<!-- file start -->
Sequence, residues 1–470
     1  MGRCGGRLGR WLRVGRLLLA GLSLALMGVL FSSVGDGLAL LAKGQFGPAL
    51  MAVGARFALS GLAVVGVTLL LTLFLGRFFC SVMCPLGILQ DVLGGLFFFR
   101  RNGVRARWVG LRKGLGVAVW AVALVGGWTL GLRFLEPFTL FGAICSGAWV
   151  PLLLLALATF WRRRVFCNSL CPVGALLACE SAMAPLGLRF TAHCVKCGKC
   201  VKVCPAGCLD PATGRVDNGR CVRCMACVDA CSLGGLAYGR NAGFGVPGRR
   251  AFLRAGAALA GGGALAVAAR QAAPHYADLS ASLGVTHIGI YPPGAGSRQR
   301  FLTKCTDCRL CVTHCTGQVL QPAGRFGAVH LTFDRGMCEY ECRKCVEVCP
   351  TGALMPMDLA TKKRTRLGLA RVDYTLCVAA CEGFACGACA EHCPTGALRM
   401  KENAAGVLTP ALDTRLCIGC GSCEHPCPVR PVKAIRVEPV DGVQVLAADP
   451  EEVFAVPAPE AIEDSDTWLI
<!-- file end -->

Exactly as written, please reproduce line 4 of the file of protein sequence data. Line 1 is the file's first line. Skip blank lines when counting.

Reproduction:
   101  RNGVRARWVG LRKGLGVAVW AVALVGGWTL GLRFLEPFTL FGAICSGAWV